A Dress Is Born
How to create a one-of-a-kind gown.
I wanted a dress that felt entirely my own, so I decided to have one made. After considering what I liked (fitted, V-necks) and what I loathed (strapless, pouffy), I scanned my brain for red-carpet inspiration. The yellow Vera Wang gown Michelle Williams wore to the Oscars in 2006 was a resounding yes. I e-mailed friends for seamstress recommendations and settled on Esin Kirmizidag at Sew Elegant, who had once worked at Vera Wang. Armed with only a printout of Williams, I walked into Sew Elegant’s garment-district studio. Kirmizidag and I talked it out and decided to nix the tulle train. She told me how many yards of material she’d need, and I enlisted designer pal Prabal Gurung to help me conquer B&J Fabrics (525 Seventh Ave., nr. 38th St.; 212-354-8150), where I spent $283.84 (the dress itself cost $3,000 to make). Over the next seven months, I attended five fittings. At the first, Kirmizidag presented me with the muslin, a trial garment used as the pattern. By the next appointment, she had added the chiffon overlay. That’s when it started to feel real—it was becoming the dress. At my final fitting, I was amazed at how comfortable I felt. The gown was perfect: It fit like a second skin.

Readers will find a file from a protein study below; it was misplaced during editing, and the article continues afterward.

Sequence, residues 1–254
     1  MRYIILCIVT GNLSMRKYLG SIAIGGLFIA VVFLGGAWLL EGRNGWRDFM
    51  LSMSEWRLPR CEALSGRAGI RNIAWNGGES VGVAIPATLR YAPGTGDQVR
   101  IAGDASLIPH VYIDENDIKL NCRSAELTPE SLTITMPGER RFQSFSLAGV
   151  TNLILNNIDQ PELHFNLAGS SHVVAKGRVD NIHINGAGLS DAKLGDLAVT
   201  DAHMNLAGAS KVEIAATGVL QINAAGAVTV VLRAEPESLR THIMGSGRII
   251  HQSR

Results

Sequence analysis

From the Summer 2011 New York Wedding Guide